Software re-use is a frequently cited perceived SOA benefit. David Chappell provides his perspective on the reality of re-use in SOA in the latest edition of his Opinari newsletter . For those interested in the subject, it is a quick and illuminating read. On the whole, I agree with David’s arguments, which are in part based on an analogy to a similar, and largely unrealized promise, associated with OO a decade and a half ago.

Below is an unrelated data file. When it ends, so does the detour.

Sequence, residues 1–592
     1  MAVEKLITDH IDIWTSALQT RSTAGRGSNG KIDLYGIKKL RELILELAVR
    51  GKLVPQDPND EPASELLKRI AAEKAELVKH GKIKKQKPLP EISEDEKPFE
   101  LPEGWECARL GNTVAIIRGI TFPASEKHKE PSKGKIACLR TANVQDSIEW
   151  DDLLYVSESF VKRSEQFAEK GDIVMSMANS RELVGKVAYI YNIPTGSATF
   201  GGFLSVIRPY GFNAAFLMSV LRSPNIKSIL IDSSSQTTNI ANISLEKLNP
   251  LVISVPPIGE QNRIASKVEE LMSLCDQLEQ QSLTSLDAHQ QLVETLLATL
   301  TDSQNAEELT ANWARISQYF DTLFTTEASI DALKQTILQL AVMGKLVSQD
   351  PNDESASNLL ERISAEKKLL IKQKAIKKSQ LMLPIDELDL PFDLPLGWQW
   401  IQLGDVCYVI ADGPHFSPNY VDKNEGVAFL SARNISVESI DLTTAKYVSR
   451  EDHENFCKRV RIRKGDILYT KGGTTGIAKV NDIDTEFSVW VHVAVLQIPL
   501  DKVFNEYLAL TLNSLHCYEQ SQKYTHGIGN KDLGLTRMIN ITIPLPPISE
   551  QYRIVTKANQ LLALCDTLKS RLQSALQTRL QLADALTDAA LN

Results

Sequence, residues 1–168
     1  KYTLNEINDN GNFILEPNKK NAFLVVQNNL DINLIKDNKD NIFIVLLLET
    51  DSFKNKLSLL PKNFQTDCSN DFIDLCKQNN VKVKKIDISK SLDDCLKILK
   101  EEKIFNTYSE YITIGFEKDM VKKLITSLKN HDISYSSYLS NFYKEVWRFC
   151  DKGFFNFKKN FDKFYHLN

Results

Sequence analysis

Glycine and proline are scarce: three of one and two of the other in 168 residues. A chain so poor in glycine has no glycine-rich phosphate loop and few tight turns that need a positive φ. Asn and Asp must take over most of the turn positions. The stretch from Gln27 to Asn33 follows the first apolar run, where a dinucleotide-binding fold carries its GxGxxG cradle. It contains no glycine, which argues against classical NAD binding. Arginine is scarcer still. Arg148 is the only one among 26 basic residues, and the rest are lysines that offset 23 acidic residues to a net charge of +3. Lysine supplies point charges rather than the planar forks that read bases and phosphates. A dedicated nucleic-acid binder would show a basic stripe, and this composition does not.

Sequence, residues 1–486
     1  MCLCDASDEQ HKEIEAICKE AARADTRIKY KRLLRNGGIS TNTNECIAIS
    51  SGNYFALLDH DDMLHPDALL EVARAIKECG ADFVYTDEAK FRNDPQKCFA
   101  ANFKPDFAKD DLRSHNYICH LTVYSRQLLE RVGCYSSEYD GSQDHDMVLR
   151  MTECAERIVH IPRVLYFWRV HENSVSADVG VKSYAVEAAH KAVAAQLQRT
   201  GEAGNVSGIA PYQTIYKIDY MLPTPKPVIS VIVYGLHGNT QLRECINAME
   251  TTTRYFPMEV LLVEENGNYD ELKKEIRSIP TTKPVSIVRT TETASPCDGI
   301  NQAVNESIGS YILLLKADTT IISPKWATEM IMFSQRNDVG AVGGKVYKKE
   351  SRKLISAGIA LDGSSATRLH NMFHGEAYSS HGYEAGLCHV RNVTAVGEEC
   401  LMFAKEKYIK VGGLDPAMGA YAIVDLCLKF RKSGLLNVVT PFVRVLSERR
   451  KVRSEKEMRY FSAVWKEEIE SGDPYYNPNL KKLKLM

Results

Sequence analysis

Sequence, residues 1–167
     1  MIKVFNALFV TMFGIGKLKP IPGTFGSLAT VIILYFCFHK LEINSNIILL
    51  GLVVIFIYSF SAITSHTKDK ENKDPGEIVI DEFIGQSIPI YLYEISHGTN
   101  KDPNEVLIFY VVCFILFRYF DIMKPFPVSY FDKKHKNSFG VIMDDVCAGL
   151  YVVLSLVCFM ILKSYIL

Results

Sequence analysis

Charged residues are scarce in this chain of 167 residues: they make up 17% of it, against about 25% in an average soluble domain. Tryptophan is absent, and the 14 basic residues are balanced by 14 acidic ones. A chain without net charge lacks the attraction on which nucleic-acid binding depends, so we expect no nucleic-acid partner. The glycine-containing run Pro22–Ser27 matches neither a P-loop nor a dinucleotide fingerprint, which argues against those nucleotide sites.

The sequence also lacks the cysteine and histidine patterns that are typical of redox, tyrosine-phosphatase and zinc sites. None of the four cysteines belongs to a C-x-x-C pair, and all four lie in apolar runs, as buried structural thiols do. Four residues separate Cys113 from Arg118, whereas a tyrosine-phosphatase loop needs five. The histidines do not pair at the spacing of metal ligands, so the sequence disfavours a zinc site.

I am inclined to see a positive analogy. I like to think that the key contribution of OO is its new approach to modularizing software. Although some may debate the following, direct support for the concepts of encapsulation, polymorphism , inheritance and abstraction in OO programming languages, coupled with the growing body of practical experience captured in design patterns and coding idioms, improved our ability to build maintainable software of large scale and complexity. Perhaps, after the hype runs its course we will realize that the main value of service orientation is in providing a way to modularize heterogeneous software systems at the level of abstraction higher than traditional objects and components. To that end, service orientation embraces the most valuable OO concepts of encapsulation and polymorphism, and adds a few concepts or tenets of its own, summarizing industry knowledge about building large scale distributed heterogeneous software systems.